Advanced procedures: On this procedurally focused rotation, you’ll work one-on-one with expert faculty evaluating and managing patients with challenging diseases of the pancreas and biliary system. You will achieve significant exposure in performing ERCP, sphincterotomy and stent placement in the biliary and pancreas ducts. You’ll also gain exposure to advanced endoscopic techniques such as complex dilations, enteral stent placement, cystgastrostomy and pancreatic necrosectomy. Because our busy endoscopic ultrasound service is involved in the evaluation of many of these patients, on this rotation you’ll also gain significant exposure to this important technology, though we believe that formal training in EUS and advanced endoscopic techniques requires an additional year of training. In collaboration with our busy bariatric surgical service, you’ll also gain hands-on experience in the ever-growing field of endoscopic management of complications of these surgeries. The rotation takes place during Year 3 and lasts three months.
Continuity clinic: The continuity clinic will serve as the gastroenterology fellow’s office practice. Here each Fellow will follow his/her own patients longitudinally for the entire three year period, providing continuity of care one-half-day per week throughout the fellowship. The clinic is precepted by gastroenterology division faculty. Patients are referred to this clinic by their primary care physicians or by other specialists for consultation regarding diagnosis and management of a wide range of gastrointestinal and hepatobiliary disorders.
- Year 1: Radiology: During the first year, you’ll spend one month in GI radiology, gaining experience with gastrointestinal/biliary imaging, including fluoroscopy, CT scan, MRI and interventional radiology under the supervision of the attending radiologist.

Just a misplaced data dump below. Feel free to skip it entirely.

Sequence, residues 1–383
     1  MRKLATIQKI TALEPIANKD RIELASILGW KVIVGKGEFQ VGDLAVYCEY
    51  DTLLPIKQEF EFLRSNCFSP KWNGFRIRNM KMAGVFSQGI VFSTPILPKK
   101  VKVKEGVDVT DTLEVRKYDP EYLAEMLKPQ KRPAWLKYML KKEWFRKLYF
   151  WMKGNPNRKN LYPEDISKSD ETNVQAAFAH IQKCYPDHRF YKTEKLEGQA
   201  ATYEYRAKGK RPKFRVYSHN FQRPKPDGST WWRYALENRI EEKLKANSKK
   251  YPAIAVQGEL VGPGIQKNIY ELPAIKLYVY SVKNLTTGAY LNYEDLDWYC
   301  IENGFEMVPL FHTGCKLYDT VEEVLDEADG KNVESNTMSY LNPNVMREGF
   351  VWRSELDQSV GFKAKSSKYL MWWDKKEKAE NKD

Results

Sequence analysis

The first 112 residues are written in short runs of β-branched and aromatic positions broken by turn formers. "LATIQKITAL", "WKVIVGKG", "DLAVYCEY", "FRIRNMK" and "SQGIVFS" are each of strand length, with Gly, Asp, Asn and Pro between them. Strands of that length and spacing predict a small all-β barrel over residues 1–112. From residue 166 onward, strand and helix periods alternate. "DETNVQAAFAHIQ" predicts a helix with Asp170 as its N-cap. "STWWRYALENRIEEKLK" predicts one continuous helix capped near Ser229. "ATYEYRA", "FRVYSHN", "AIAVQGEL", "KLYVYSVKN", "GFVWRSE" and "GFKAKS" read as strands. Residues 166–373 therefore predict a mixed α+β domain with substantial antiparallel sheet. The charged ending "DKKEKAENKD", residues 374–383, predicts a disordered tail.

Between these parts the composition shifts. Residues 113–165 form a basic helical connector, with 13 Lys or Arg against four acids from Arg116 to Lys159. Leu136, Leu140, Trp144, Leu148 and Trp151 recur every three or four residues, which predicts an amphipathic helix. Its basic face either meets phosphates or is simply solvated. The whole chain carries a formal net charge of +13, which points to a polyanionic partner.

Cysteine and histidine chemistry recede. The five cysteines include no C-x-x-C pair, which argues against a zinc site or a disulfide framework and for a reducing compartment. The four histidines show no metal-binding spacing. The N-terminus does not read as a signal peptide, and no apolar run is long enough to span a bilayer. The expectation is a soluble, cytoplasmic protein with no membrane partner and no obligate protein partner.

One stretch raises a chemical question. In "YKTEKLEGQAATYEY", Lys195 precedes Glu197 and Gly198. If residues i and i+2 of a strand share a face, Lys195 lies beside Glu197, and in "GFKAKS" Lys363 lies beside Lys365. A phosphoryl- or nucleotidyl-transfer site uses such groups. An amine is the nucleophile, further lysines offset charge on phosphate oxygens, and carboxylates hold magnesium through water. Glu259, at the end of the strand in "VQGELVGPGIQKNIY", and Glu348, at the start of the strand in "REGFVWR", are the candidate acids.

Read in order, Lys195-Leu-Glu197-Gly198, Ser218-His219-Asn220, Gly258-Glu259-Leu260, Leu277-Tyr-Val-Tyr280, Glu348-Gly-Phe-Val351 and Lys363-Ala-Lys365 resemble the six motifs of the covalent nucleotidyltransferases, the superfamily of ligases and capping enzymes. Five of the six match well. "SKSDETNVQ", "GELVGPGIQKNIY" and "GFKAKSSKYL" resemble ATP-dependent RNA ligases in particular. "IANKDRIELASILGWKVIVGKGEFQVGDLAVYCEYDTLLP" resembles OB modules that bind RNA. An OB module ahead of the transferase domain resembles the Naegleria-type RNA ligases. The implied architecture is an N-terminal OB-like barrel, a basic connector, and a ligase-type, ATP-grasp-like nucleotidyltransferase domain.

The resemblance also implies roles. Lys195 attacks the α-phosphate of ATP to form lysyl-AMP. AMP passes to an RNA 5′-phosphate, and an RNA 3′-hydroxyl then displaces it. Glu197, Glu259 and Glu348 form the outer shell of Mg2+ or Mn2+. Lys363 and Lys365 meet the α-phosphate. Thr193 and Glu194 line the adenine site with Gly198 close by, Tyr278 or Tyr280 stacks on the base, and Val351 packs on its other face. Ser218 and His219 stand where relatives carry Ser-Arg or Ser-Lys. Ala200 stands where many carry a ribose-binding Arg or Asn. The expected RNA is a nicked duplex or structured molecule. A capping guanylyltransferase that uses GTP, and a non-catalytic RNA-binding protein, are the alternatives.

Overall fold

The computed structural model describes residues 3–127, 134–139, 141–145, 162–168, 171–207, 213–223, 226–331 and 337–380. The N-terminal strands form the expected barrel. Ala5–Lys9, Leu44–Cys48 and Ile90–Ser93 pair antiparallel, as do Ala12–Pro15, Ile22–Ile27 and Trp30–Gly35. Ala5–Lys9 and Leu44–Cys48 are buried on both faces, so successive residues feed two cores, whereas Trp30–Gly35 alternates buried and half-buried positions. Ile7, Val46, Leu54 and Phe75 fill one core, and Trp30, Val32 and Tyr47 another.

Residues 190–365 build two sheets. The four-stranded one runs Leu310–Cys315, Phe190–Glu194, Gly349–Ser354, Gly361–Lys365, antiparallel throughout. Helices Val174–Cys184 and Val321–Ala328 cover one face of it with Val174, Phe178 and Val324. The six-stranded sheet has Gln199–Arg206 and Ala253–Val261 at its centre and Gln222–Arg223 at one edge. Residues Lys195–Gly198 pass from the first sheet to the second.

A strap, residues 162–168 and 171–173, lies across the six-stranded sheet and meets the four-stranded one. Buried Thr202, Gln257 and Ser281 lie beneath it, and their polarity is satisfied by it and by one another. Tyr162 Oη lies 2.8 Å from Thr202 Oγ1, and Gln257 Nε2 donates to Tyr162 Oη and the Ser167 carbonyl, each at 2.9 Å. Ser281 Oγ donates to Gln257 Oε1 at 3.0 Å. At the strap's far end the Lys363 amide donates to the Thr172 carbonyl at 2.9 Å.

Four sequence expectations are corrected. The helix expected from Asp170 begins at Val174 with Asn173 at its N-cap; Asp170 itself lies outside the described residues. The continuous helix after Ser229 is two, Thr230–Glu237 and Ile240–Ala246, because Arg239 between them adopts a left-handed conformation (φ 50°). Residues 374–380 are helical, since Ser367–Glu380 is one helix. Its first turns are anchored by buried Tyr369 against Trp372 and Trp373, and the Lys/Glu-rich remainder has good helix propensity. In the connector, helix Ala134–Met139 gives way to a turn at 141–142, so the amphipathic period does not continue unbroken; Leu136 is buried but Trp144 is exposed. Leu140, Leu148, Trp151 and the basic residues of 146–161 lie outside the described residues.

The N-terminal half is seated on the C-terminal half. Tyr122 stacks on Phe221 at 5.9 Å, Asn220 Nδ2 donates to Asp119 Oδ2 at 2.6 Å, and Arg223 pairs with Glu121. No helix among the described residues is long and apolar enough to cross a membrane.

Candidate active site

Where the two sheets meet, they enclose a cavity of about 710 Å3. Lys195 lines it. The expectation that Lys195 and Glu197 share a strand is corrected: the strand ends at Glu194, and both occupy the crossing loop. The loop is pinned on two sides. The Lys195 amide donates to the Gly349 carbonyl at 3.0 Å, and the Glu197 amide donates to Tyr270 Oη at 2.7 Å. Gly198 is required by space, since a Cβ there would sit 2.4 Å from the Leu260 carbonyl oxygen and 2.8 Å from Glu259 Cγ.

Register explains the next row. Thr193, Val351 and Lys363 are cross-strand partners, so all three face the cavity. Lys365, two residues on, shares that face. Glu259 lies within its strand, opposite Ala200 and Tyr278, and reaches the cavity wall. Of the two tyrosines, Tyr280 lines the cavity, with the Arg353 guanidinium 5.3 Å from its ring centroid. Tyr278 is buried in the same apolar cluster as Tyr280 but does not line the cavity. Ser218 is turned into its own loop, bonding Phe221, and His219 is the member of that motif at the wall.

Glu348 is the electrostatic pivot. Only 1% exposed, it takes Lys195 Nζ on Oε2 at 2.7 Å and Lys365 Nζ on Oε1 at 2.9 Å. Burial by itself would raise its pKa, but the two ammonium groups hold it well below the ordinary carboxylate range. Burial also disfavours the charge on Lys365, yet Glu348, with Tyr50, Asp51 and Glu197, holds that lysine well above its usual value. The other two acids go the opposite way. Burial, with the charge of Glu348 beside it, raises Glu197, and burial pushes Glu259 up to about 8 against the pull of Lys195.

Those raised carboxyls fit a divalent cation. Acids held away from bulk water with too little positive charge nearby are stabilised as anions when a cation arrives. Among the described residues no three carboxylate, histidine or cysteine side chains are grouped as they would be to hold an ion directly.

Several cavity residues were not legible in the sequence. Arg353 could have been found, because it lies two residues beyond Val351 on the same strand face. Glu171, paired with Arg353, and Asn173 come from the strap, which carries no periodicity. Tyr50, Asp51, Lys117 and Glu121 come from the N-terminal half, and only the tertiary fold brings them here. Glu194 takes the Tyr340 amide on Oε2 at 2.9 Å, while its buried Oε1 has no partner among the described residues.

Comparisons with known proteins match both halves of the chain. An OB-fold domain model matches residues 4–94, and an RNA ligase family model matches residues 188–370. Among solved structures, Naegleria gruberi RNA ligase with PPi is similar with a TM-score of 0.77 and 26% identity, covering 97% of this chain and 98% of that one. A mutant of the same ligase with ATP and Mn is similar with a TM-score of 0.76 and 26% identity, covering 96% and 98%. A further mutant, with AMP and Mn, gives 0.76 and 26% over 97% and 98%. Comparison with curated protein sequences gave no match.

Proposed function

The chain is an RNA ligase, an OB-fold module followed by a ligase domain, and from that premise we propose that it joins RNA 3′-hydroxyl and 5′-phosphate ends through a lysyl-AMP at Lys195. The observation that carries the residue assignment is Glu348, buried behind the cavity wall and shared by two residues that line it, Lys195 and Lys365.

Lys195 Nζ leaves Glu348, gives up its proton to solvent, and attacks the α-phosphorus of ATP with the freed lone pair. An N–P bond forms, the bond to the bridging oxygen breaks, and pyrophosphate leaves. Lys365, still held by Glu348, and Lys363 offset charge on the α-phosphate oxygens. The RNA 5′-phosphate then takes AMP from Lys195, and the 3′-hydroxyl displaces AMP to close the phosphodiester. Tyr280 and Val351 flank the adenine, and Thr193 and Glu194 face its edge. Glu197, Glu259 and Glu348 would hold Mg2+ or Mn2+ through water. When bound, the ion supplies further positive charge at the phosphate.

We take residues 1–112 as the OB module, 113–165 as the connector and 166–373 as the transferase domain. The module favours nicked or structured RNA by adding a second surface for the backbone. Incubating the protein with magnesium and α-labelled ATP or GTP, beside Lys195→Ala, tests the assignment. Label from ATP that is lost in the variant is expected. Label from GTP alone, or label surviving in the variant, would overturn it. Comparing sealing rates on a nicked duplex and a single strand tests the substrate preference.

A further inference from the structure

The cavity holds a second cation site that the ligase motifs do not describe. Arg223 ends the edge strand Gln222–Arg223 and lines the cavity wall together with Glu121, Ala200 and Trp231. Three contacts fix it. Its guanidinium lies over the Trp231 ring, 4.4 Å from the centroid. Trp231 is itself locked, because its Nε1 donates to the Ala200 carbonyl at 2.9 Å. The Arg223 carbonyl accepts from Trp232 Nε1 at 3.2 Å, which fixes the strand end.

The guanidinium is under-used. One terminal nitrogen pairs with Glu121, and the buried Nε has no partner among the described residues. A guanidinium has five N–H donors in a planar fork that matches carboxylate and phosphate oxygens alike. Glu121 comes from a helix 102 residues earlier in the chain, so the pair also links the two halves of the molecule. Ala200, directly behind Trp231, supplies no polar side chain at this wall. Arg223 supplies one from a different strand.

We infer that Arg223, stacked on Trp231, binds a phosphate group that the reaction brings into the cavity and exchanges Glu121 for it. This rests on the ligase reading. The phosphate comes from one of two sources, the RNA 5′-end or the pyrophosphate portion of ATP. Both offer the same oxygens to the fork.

Elective rotations: Fellows spend one month in each of the first two years and two months in the third year doing elective rotations with the goal of meeting individualized training needs for specific career plans. These elective opportunities range from self-designed elective experiences to established, highly structured experiences. Examples of elective rotation include transplant hepatology rotations, motility elective, and pancreaticobiliary elective with a multidisciplinary approach. Each fellow meets with the program director prior to each elective rotation to discuss specific plans and design the elective rotation.
During all three years of training, fellows will participate in conferences involving review of literature and current clinical recommendations as they pertain to providing quality, safe and cost-effective patient care. This includes:
- Journal club – fellows will research and present current literature to the division for critical evaluation and discussion.
- GI grand rounds – fellows will present interesting cases from their clinical rotations for discussion by the division.
- Mortality and morbidity conference – specific to GI subdivisions (e.g. pancreaticobiliary, inflammatory bowel disease, hepatology) on a monthly basis.
- Core Curriculum Conference Series didactic lectures.
- GI Specialty Conferences (e.g. IBD, Hepatology, etc.)
- GI IBD monthly morning conference
- Pathology Conferences held quarterly
- Senior fellows will give informal/didactic lectures to residents/medical students.
A typical day on the consult service
The patients we see in consultation span the breadth of gastroenterology, and about one-third of these consults are for liver disorders. This is the most intense of our educational experiences, as we will typically see five-to-ten new consults and perform five-to-ten inpatient procedures daily on this service. The team comprises three faculty, one fellow, and rotating medicine residents and medical students. Each Fellow will see new consults as well as perform procedures, and the faculty, residents and students see many of the new consults as well. This structure has allowed this intensive experience to be educational and enjoyable, with time for reading and reflection.